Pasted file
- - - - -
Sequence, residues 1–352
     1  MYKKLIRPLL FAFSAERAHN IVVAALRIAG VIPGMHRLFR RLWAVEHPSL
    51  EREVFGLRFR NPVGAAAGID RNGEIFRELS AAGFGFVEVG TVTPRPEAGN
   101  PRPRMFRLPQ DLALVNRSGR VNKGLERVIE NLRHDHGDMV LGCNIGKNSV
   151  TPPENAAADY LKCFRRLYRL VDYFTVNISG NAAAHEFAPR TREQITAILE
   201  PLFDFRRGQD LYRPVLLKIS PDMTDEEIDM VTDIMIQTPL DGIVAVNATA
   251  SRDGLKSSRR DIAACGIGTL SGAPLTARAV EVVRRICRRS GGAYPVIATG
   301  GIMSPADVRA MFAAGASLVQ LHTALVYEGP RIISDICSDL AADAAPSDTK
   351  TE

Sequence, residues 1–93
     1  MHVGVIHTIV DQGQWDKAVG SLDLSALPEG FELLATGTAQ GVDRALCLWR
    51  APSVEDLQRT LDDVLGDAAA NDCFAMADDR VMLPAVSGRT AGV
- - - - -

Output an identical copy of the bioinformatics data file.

Sequence, residues 1–352
     1  MYKKLIRPLL FAFSAERAHN IVVAALRIAG VIPGMHRLFR RLWAVEHPSL
    51  EREVFGLRFR NPVGAAAGID RNGEIFRELS AAGFGFVEVG TVTPRPEAGN
   101  PRPRMFRLPQ DLALVNRSGR VNKGLERVIE NLRHDHGDMV LGCNIGKNSV
   151  TPPENAAADY LKCFRRLYRL VDYFTVNISG NAAAHEFAPR TREQITAILE
   201  PLFDFRRGQD LYRPVLLKIS PDMTDEEIDM VTDIMIQTPL DGIVAVNATA
   251  SRDGLKSSRR DIAACGIGTL SGAPLTARAV EVVRRICRRS GGAYPVIATG
   301  GIMSPADVRA MFAAGASLVQ LHTALVYEGP RIISDICSDL AADAAPSDTK
   351  TE

Sequence, residues 1–93
     1  MHVGVIHTIV DQGQWDKAVG SLDLSALPEG FELLATGTAQ GVDRALCLWR
    51  APSVEDLQRT LDDVLGDAAA NDCFAMADDR VMLPAVSGRT AGV